“Just the contempt of some of these politicians attacking police was really a low point…It has absolutely painted a target on the back of people who wear the uniform. You see it in New York City. Unfortunately, we just saw it at Temple. And I think if somebody goes out and murders a police officer, they should get the death penalty.”

The audience applauded in response. Pennsylvania Gov. Josh Shapiro (D) announced last week he would not sign any death penalty warrants and is urging an end to the policy in the state.

In Florida, “we don’t have tolerance for prosecutors who get elected, largely with big contributions from leftists like George Soros…they say it’s their job to determine what laws should be enforced. Not you, the people who make laws through your elected legislators…these prosecutors are “a law unto themselves.”

He said he removed a prosecutor who refused to enforce the law.

DeSantis pivoted to education.

“If you send your kids to school in Florida, they’re going to get an education, not a political indoctrination,” said DeSantis. “Is it okay to tell a second grader they are born in the wrong body? In Florida, we think the answer to that question is no.”

“People that said this was going to hurt me in the election are very quiet after we won by 1.5 million votes,” he said. “We did tussle with Disney. They’d had for 60 years their own government that they operated and controlled in the state of Florida. Those days are over.”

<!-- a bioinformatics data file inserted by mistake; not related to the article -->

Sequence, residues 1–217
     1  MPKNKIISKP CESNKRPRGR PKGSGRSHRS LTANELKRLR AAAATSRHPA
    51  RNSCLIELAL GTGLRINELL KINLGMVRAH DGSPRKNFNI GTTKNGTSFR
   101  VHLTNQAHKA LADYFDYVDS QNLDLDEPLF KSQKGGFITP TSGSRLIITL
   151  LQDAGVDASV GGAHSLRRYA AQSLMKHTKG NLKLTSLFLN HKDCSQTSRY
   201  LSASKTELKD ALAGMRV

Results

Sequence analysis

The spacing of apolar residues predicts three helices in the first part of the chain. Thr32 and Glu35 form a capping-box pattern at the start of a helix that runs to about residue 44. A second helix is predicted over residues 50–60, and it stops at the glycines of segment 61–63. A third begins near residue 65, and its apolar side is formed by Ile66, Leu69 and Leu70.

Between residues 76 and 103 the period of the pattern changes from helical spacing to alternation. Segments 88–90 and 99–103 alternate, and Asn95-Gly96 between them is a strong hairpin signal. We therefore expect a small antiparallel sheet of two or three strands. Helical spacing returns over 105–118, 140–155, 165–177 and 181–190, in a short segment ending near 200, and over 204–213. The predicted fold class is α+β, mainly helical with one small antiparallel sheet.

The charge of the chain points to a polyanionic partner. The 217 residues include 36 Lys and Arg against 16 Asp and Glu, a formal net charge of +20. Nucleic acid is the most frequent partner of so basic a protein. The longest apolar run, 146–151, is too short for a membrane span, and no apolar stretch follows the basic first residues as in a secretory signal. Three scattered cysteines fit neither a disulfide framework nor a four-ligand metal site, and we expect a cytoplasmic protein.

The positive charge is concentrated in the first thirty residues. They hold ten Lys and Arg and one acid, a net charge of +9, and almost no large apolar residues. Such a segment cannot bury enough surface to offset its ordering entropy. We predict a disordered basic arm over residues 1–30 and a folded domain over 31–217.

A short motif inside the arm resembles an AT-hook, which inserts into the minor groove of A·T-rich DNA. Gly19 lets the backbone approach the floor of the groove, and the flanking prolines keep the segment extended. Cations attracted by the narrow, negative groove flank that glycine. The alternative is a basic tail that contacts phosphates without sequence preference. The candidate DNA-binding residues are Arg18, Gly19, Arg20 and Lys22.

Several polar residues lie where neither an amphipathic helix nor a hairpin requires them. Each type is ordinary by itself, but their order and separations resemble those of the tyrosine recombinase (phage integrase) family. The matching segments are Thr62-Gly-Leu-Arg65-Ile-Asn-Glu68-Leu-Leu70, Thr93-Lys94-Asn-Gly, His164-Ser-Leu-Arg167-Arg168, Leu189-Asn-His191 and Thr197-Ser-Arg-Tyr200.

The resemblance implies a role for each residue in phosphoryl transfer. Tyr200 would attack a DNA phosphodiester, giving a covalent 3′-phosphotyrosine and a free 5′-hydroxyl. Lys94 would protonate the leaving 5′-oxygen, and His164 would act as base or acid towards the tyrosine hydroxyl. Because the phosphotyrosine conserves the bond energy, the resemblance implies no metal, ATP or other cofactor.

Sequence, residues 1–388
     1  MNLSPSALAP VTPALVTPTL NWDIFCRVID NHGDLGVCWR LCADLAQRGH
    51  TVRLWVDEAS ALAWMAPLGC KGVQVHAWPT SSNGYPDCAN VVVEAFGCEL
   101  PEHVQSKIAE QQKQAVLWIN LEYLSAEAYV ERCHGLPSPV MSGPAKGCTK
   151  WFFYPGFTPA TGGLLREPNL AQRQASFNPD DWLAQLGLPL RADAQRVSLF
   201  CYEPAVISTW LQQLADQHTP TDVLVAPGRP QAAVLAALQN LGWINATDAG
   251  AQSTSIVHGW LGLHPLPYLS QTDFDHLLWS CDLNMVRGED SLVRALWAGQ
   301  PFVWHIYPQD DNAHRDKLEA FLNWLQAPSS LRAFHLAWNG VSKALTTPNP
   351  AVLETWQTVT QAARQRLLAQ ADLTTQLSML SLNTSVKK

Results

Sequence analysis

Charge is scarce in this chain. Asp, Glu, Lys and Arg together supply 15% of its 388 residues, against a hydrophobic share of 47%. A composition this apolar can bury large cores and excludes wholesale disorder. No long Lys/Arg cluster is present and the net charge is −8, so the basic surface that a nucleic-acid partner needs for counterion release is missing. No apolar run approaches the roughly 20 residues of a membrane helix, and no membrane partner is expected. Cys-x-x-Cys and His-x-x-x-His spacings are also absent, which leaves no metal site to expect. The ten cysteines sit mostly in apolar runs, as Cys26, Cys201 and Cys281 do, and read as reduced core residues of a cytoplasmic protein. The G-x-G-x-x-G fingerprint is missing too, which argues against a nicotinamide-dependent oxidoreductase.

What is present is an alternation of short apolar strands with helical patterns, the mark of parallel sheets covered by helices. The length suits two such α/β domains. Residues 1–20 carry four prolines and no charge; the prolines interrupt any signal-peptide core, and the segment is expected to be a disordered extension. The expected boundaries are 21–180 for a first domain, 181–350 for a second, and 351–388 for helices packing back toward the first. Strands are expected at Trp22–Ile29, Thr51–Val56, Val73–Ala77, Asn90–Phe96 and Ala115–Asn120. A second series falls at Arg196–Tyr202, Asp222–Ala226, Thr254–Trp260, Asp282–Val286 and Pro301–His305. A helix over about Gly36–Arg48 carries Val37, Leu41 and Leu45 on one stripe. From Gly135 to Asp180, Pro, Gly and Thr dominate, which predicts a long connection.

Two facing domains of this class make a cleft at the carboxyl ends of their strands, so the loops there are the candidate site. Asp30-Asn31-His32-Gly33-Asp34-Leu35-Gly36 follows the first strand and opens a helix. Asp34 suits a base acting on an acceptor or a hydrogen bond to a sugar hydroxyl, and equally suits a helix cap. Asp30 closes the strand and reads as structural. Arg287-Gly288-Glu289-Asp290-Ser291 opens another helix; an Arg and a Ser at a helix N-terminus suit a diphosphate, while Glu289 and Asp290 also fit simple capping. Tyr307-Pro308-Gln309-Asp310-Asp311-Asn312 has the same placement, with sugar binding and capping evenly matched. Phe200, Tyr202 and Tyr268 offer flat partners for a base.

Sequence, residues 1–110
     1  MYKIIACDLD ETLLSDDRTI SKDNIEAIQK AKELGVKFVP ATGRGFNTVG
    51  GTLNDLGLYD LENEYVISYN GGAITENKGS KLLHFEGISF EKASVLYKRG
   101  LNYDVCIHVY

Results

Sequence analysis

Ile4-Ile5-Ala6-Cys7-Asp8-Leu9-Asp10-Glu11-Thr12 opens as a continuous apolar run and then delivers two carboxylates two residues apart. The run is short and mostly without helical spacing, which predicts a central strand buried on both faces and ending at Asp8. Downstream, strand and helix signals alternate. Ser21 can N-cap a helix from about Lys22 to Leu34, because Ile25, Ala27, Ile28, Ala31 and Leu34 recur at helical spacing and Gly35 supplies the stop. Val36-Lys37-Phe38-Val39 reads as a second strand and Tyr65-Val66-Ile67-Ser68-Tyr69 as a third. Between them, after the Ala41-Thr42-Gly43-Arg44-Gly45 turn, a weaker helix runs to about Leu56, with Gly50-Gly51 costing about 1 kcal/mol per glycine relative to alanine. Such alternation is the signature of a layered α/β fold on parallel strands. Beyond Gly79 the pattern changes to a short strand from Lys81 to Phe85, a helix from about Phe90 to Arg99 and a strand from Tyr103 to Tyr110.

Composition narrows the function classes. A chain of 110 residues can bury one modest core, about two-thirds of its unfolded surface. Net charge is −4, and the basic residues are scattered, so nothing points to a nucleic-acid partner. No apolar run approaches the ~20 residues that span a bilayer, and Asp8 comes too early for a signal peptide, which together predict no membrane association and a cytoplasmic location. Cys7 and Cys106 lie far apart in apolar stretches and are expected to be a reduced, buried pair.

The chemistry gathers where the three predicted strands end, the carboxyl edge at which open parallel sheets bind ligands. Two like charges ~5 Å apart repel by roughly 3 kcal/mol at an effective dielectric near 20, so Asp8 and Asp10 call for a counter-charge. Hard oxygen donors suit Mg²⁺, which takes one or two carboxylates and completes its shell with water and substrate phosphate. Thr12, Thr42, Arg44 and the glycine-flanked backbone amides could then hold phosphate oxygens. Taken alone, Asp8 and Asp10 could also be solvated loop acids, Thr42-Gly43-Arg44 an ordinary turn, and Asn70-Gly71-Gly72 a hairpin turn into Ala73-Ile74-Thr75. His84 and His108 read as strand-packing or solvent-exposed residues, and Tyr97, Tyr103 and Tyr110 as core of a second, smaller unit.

“Then you also have things like critical race theory, where they try to racialize,” said DeSantis. “If you’re a young White kid they say, ‘You’re an oppressor.’ If you’re Black they say, ‘You’re oppressed.’ And this is just crazy that they want to do this.

“So we said no critical theory in K-12 schools. And some of this critical theory is teaching that police officers are just gunning down minorities with impunity.” It creates a hatred of law enforcement in young children, he said.

Bucks County Sheriff Fred Harran introduced DeSantis.

“The police are the public, and the public are the police, and the public must have confidence in the police in order to be safe,” he said. “There must be accountability (for those who commit crimes).” While the suburban countries still adhere to that credo, many cities, including Philadelphia, do not, Harran added.

“Back when I took the test in 1986 (to become an officer), there were 1,400 people [taking the test]. Now we’re lucky if we get 100, 125.”

Afterward, Harran said he supported DeSantis “as the governor of Florida, and we’ll see what road the governor takes. Any comment (on supporting DeSantis for president) would be premature, but I like what I heard today.”